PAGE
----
Tuscany, like being in a movie

Coordinates: 43°21′00″N 11°01′00″E

More than once I have been captivated by a location used in a movie. So entirely fascinated, as to organize a trip or deviate from another in order to visit the place that captured my heart. That is how I arrived at the picturesque town of Positano on the Amalfi coast in 2002 and, most recently, to the Tuscany region in Italy.

  Olive trees adorn the path that leads to our agritourism. Photo: Marco Dettling

Olive trees adorn the path that leads to our agritourism. Photo: Marco Dettling

Under the Tuscan Sun

Chianti wines, touring through amazing scenery, an exorbitant Bistecca alla Fiorentina - like those seen in The Flintstones - nightly bonfires at a dreamy apartment, plus excellent company had a leading role of my version of the Under the Tuscan Sun movie.

  Poggio al Sole’s five holiday apartments share this beautiful outdoor patio, a swimming pool and a Bocce playground. Photo: Raymond Cuevas

Poggio al Sole’s five holiday apartments share this beautiful outdoor patio, a swimming pool and a Bocce playground. Photo: Raymond Cuevas

Agricultural Azienda

We stayed in the Tavarnelle Val di Pesa community, at a vineyard that operates under the agritourism concept since they produce wines and olive oil in the facilities. It’s almost eighteen acres have been cultivated for over eight hundred years. Although most is dedicated to the Sangiovese vine, the principal grape in a Chianti, at Poggio al Sole (Italian for sunny hill), they also harvest Shiraz, Chardonnay, Merlot and Cabernet Sauvignon.

  Poggio al Sole, one of over three hundred Chianti wine producers in the region, follows a meticulous production process to face such aggressive competition. Photo: Bruny Nieves

Poggio al Sole, one of over three hundred Chianti wine producers in the region, follows a meticulous production process to face such aggressive competition. Photo: Bruny Nieves

Mosto

The owners, of Swiss origin, perfectly combine their roles as hosts and producers, allowing guests to participate in their elegant and slightly poetical production process. They believe that perfect balance is achieved using casks of different woods during the aging process; just like an orchestra achieves beautiful harmonies with a variety of instruments.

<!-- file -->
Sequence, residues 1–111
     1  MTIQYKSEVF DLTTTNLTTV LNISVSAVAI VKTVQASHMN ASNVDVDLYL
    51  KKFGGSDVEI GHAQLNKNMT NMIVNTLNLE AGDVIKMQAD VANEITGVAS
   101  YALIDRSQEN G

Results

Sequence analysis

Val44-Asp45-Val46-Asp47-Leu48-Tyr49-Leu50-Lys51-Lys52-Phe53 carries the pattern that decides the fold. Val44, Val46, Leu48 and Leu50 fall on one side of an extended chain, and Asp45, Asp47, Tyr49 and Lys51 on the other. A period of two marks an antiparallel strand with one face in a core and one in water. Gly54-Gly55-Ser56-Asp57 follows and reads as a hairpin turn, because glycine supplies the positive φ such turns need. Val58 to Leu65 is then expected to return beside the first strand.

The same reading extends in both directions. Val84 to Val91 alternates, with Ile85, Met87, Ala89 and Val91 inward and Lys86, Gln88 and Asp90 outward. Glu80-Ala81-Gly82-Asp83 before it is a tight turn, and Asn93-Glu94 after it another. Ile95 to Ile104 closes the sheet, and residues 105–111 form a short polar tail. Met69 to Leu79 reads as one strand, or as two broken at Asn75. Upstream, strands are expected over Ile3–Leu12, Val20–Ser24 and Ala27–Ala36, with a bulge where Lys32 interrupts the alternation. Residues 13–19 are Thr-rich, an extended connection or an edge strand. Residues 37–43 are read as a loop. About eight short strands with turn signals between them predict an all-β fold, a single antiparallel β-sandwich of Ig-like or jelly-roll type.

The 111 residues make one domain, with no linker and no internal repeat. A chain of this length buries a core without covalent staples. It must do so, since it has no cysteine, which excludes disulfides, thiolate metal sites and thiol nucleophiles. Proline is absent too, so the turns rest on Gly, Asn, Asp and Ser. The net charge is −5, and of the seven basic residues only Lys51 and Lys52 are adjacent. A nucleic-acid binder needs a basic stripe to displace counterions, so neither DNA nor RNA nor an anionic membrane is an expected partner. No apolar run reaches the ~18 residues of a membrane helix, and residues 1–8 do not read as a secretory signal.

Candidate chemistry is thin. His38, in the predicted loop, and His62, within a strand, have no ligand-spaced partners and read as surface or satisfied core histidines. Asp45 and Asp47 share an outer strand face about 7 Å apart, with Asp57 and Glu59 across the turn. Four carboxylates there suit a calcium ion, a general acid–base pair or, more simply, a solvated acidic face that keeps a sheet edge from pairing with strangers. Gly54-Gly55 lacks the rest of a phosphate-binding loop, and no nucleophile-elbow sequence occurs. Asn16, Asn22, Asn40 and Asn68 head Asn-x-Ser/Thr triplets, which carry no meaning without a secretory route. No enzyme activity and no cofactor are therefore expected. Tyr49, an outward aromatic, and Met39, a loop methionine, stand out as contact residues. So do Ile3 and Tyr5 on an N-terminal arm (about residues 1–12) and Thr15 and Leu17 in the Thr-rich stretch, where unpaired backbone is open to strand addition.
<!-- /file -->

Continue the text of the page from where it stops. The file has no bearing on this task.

Before cooking it, we marinated the bistecca with a herbal salt provided by Dario Cecchini, along with his specific cooking instructions. Photo: Bruny Nieves

Before cooking it, we marinated the bistecca with a herbal salt provided by Dario Cecchini, along with his specific cooking instructions. Photo: Bruny Nieves

Mercato

We first went to Panzano, where we visited its Sunday farmers market and the recognized Dario Cecchini butcher’s shop. Antica Macelleria Cecchini is an official tourist stop where all go searching for its Bistecca alla Fiorentina.

  During the summer, home doors are left open to let the breeze in and the curtains allow some privacy. Photo: Bruny Nieves

During the summer, home doors are left open to let the breeze in and the curtains allow some privacy. Photo: Bruny Nieves

More Wine, Gelato and Expresso Coffee

As many villages in the area, Panzano is small, picturesque and has spectacular sights. While walking through it, you find osterías (traditional establishments that only offer wines and a limited menu), gelato (Italian for ice-cream), parks, good espresso and the church. We tried it all!

  Frontside of Santa Maria Assunta’s Church in Panzano. Photo: Marco Dettling (with self-timer).

Frontside of Santa Maria Assunta’s Church in Panzano. Photo: Marco Dettling (with self-timer).

Resting the Soil

Some say that, while walking, one discovers details that get lost when traveling by car.  So, armed with a map, we ventured out to explore the paths surrounding the vineyards. On the way, we observed a tractor alternately plowing the ground between the vineyards. When we asked why, we learned that every year the process is inverted to allow the ground some rest. We also found a forsaken ranch that picked my son’s curiosity. Braving over his apprehension, he decided to explore it!

  To facilitate our plan for a two-hour walk with kids, besides provisions for a picnic, we took a bicycle to entertain the oldest and a back carrier for the youngest. Photo: Bruny Nieves

To facilitate our plan for a two-hour walk with kids, besides provisions for a picnic, we took a bicycle to entertain the oldest and a back carrier for the youngest. Photo: Bruny Nieves

Rain and Hospitality